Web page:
Kevorkian foolhardily forged forward, even subjecting himself to a corpse transfusion. He contracted Hepatitis C as a result. While the doctor fought to save soldiers, his mother battled cancer.  According authors Neal Nicol (a colleague of Kevorkian) and Harry Wylie, upon hearing about his mother's hellish health, the skeptical intellectual "refused to believe it." 

Refusal proved futile. An abominable abdominal cancer ravaged Satenig Kevorkian from belly to bone. Her son berated hospital staff for failing to cure or comfort her. She endured perpetual pain, and he urged doctors to dose her with copious opiates. The physicians refused, fearing the dying woman would become comatose or drug-addicted. Kevorkian "watched his mother die in pain, helpless to do anything to help her."

Do know harm

Jack Kevorkian saw an oncological monster murder his mother. Despite being a doctor himself, he couldn't persuade practitioners to ease her misery with meds. It's impossible to quantify the mental toll that must have taken. But in 1993, journalist Jack Lessenberry tried anyway, asking Kevorkian if his mother's dire fate affected his views on physician-assisted suicide. The doctor didn't know, but he knew his morbid deeds weren't simply a trip down Traumatic Memory Lane.  

Kevorkian's support for euthanasia predated his mother's cancer battle. In his words, "I already knew it was right. From the time I first saw horribly suffering patients in the hospital where I was being trained as a young doctor, I was absolutely convinced that this was right." 

As he recalled, an immobile man moved him in that direction: "What finally happened was there was this fellow in Michigan, David Rivlin, who was a quadriplegic, on a respirator, and he went on television and said he wanted to die. I went to see him and realized that I should invent something to help him."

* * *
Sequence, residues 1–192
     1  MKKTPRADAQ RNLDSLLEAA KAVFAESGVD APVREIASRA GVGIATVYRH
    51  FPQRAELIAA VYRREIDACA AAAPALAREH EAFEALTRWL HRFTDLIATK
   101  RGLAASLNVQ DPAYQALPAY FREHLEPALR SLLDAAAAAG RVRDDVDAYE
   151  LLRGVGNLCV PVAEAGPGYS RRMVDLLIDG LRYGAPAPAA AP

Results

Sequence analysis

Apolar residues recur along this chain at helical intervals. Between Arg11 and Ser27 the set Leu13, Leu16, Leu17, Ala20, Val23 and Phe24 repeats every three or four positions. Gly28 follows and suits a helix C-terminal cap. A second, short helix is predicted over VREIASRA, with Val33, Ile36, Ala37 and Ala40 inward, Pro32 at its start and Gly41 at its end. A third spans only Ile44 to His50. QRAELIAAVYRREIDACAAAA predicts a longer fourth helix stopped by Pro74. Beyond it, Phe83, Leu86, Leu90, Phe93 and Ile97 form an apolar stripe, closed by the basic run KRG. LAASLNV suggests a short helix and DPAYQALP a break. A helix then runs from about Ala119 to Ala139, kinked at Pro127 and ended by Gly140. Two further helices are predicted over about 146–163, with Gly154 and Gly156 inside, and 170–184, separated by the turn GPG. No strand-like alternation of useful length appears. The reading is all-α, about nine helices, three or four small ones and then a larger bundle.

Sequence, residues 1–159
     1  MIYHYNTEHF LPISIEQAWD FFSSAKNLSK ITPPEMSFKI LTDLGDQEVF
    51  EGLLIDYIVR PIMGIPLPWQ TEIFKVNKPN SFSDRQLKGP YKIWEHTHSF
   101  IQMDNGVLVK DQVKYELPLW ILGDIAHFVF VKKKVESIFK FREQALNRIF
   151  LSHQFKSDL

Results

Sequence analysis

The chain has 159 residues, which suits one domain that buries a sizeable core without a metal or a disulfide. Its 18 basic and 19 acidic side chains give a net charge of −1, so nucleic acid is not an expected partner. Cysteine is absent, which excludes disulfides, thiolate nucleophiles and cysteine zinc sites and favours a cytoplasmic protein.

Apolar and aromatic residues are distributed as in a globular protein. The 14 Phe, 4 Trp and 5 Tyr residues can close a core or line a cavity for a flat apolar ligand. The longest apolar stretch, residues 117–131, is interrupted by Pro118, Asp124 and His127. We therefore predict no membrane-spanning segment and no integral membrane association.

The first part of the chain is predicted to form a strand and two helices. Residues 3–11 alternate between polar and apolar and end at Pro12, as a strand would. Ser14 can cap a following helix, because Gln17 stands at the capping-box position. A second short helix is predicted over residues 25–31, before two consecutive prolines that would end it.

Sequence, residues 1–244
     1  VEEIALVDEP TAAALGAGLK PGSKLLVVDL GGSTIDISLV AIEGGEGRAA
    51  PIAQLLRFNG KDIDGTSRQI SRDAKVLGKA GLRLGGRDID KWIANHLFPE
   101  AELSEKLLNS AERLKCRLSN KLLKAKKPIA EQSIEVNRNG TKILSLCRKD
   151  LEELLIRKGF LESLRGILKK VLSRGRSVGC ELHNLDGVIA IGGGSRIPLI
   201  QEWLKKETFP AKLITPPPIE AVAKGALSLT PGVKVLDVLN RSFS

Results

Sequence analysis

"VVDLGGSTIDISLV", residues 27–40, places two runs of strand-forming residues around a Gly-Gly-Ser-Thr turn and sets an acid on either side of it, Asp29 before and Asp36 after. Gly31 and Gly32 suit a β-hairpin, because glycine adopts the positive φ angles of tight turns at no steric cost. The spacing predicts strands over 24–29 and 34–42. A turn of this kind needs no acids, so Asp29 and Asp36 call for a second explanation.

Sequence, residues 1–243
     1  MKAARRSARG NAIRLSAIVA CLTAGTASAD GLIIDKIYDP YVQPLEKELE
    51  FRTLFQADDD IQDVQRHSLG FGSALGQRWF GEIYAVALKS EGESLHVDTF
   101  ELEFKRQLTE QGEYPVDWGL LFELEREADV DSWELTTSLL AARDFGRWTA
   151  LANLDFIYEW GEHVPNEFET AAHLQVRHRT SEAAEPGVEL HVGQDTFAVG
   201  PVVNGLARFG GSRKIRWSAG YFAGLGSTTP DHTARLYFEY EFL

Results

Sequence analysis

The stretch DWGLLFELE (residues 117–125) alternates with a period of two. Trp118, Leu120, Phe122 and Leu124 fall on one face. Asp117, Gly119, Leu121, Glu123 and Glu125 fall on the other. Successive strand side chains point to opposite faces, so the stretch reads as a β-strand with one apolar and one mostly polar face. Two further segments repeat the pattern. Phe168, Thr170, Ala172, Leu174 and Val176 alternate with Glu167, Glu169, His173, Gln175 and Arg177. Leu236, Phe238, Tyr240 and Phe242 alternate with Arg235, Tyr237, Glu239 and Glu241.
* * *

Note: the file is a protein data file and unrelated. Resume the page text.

For many people "help" and "die" are practically antonymous terms. But for Kevorkian, death was always a means to a greater end. With respect to assisted suicide, it was a way to respect patients' autonomy. He also believed death could advance scientific knowledge. In 1958, he advocated recruiting death row inmates for pain-free but lethal medical experiments. According to Biography, off-put colleagues dubbed him "Dr. Death."

Art imitates lifelessness

In his interview with Jack Lessenberry, Kevorkian argued he was "obsessed with life." Yet while in med school, he obsessively photographed the eyes of dying patients. He claimed it could help doctors distinguish between comas and dirt naps. But the 1993 book Appointment with Doctor Death (via PBS) revealed his "number one reason was because it was interesting" and his "second reason was because it was a taboo subject." He clearly had an eye for the macabre and a penchant for pushing the envelope. Those sound like ideal traits for an artist or a thrill killer. Kevorkian happened to be the former (and the latter, depending on whom you ask).

Per Atlas Obscura, during the 1960s Kevorkian enrolled in an oil painting class. Kevorkian's first work, "A Very Still Life," depicted a skull with an iris flower growing through its eyehole. It was a visceral visual pun and arguably autobiographical. In that painting, life literally stemmed from death, a recurring theme for Kevorkian. In med school, he examined dying eyes for signs of life. His parents met after escaping a massacre. His corpse transfusions research banked on bloodshed yielding lifeblood.